Later this month we have the second tryout day for the juniors hoping to be selected for the team going to the European Open for Juniors in The Netherlands this year.
And we also have the second squad day for the adults. Both days will require handlers to pull out their best runs on the day to be in with a chance of selection, especially the juniors as this will be their last try-out day. I’ll let you know how they get on next month and hopefully may be able to announce the team too.
By Mark Laker
Last weekend young handlers and this years senior squad attended the first two Agility Team GB days at Nottingham Trent University Brackenhurst Campus.
The FCI Agility World Championships in Liberec, Czech Republic lived up to our expectations. The atmosphere amongst the supporters and competitors was fantastic. The standard of the agility courses was very high; they were technically challenging and yet exciting to watch. And of course the standard of competition was incredible. Much like the European Open the handling seen amongst the top teams was precise, fast and well practiced.
Agility at this level gets faster and more exciting each year. The top dogs are now regularly reaching speeds exceeding 6 metres per seconds (MPS). To put this in context when I first started looking at dog speeds we were aiming at 5.6 MPS for the same group of dogs. That’s a 12% increase in speed in four years. Obviously there are many factors that effect the speed including course design, the surface, jump heights etc.. however dogs and handlers continue to achieve faster times.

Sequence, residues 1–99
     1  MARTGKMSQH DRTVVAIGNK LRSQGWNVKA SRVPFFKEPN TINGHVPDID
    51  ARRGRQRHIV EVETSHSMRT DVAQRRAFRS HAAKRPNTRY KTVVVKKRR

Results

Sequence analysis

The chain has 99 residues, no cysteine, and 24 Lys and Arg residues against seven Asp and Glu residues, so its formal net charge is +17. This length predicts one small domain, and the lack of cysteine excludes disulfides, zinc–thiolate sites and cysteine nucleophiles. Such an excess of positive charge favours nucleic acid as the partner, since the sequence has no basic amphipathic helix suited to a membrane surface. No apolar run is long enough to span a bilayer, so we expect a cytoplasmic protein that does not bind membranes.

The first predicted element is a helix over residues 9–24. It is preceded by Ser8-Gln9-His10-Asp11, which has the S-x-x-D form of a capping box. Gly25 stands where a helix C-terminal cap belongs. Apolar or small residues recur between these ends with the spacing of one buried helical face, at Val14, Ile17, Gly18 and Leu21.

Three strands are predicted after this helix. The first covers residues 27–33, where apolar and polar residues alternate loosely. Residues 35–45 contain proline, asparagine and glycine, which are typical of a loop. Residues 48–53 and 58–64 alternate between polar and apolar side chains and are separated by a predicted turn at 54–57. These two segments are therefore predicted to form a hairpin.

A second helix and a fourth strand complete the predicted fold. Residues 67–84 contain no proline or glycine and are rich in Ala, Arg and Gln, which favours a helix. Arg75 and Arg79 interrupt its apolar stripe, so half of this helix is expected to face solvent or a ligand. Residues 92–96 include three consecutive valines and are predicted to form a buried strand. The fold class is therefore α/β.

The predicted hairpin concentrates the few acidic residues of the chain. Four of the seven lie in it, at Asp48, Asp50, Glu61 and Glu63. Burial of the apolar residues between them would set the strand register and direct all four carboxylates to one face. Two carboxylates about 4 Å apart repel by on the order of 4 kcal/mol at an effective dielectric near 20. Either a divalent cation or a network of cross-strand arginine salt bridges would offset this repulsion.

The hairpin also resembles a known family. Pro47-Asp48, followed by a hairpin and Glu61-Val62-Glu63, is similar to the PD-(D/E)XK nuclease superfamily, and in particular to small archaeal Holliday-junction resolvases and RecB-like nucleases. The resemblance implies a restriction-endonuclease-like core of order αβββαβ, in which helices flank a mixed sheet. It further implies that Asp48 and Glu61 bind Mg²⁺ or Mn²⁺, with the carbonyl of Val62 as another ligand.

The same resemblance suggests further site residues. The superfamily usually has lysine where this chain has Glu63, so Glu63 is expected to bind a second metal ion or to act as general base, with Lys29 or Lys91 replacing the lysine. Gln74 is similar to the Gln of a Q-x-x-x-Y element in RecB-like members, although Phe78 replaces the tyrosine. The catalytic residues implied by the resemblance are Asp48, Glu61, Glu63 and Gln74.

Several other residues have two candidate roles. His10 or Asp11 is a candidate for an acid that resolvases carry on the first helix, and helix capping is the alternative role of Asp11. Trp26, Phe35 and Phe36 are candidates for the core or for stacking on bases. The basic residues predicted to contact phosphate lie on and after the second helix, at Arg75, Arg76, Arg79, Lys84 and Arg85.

Unfortunately we didn’t win any medals this year. Which obviously we were disappointed about; I felt we were strong contenders for at least two medal positions. Our results didn’t reflected our performance. Many team members exceeded expectations, some pulled out a few surprises and others showed potential for the future.
Overall as a team I felt we were well prepared and knew what to expect. I think what caught us out was the raw power and speed of many of the dogs and handlers. This didn’t phase us, but it did make us push for every drop of energy and speed we could find.
So what next? Well the Coaching Team re-group later this month to plan our 2018 activities and how we are going to get our dogs quicker. Follow Mark Laker’s blog here: http://marklaker.blogspot.co.uk/